I've found the best way to get rid of that pesky crimp is with an 82-degree countersink. I bought this one at Sears in the mid-1980s. No longer available. I chuck it into my Black & Decker cordless and spin that troublesome little nuisance out in about three seconds. I find the best width to cut the chamfer is about 1/32-inch and a skosh. I find LC and PMC cases to be the ones that need a second kissin' more often than any other. Image is of .223Rem cases.
I may be doing things wrong , I have the RCBS swagger & have had only limited luck with it . I end using a drill bit to ream the primer pockets .RCBS primer pocket swager as it's affordable and mounts in the press for lots of leverage. It's not as fast as the Dillon but fast enough for small projects. If faced with a large amount or continuous need to open crimped primer pockets, would seriously consider the electric motor driven Dillon unit.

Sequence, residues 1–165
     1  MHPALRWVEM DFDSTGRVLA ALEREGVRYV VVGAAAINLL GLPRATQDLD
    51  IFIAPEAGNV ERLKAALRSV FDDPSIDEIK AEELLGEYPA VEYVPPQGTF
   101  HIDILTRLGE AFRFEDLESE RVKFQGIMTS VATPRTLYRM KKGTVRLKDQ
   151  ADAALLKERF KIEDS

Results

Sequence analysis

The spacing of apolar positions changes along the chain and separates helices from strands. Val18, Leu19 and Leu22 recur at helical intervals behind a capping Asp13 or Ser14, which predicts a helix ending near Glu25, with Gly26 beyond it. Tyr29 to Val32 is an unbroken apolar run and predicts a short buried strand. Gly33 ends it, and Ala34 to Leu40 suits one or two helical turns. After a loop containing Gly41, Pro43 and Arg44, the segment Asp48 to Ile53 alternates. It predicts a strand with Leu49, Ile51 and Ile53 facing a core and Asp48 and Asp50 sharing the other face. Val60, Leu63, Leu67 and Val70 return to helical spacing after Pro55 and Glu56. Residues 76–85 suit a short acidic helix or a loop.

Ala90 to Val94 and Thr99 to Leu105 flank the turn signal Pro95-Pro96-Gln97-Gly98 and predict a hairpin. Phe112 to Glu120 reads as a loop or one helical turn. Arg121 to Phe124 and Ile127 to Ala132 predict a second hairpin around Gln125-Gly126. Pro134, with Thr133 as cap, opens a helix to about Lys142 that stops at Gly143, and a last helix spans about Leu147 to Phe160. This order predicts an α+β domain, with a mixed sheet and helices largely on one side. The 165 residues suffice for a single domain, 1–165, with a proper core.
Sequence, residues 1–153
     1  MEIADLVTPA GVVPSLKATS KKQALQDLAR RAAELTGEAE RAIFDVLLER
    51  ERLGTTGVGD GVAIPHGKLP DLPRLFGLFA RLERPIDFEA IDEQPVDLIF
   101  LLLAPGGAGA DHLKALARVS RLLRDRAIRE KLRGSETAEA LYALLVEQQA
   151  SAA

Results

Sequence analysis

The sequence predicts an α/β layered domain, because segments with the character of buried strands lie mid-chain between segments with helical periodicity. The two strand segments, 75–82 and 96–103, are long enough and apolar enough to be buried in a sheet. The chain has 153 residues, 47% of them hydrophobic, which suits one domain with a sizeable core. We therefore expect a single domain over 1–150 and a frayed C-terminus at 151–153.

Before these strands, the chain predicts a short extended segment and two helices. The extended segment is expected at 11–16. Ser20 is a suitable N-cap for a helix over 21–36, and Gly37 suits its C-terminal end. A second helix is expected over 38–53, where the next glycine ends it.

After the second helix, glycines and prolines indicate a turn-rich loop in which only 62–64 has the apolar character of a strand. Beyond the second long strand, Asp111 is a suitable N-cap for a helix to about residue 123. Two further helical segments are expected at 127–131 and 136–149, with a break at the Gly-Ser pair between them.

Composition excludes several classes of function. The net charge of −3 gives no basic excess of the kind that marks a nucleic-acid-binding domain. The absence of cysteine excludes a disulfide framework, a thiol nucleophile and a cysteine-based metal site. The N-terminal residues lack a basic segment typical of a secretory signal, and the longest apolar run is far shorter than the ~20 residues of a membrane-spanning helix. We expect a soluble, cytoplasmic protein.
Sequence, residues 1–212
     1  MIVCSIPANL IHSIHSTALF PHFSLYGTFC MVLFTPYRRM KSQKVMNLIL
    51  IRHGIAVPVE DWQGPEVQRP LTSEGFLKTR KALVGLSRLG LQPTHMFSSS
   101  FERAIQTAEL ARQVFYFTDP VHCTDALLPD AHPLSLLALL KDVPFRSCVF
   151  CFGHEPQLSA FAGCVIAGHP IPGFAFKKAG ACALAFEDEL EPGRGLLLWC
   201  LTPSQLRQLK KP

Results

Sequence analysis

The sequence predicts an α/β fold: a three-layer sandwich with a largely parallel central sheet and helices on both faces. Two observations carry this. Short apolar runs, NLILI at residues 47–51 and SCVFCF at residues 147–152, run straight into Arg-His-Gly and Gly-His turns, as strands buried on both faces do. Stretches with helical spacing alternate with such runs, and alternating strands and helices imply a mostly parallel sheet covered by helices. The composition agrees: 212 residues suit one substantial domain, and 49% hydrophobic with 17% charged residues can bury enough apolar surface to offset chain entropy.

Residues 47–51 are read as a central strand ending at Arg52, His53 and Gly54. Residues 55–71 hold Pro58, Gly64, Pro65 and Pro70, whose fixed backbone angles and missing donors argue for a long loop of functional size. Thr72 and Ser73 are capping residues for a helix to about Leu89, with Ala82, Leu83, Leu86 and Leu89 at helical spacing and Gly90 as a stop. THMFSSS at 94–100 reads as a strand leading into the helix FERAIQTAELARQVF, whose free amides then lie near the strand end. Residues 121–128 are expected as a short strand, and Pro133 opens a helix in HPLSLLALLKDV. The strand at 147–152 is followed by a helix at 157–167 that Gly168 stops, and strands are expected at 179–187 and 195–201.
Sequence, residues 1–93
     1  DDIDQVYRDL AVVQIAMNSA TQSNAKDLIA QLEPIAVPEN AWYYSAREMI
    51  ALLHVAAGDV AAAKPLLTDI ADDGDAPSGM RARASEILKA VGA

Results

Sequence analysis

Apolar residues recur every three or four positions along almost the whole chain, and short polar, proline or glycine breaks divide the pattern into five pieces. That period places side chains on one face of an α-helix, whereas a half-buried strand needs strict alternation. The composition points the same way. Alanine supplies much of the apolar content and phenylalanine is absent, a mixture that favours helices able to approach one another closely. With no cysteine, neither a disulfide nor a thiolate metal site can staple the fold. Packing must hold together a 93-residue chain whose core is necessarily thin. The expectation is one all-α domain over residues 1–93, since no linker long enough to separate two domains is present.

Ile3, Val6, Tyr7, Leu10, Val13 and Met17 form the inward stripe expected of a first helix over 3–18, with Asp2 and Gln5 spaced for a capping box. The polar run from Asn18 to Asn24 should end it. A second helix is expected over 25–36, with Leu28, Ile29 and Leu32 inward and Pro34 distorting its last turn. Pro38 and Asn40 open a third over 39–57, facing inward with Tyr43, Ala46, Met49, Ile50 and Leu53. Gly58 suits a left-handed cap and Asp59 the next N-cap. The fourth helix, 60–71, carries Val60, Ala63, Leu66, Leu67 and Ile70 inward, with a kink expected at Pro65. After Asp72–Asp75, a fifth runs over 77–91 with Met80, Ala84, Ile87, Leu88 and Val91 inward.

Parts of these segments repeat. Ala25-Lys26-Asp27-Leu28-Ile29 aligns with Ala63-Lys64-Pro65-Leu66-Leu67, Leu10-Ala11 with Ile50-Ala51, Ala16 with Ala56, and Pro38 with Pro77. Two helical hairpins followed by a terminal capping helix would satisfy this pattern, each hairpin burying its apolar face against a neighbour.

What seems to be the problem with using the swager? Will try to help.. . . I have the RCBS swagger & have had only limited luck with it . . .
On some , not all , I still have problems with the primers hanging up when I try to seat them . So , I end up jist hitting them lightly , reaming the burrs .What seems to be the problem with using the swager? Will try to help.
Thanks ,Originally had same issue when first started using mine. Found I didn't have the center push rod lowered far enough too completely force the case onto the primer swager. Second possible problem is not having the die screwed down far enough where the press has to over cam at top of stroke. Once I eliminated both of those issues only occassionally was there a case that needed touching up. Be careful and methodical while eliminating the various bugs. Its possible to bend the center push rod if the case is not specifically seated on the primer swager. Never been a problem for me but have heard of others who've bent there rod.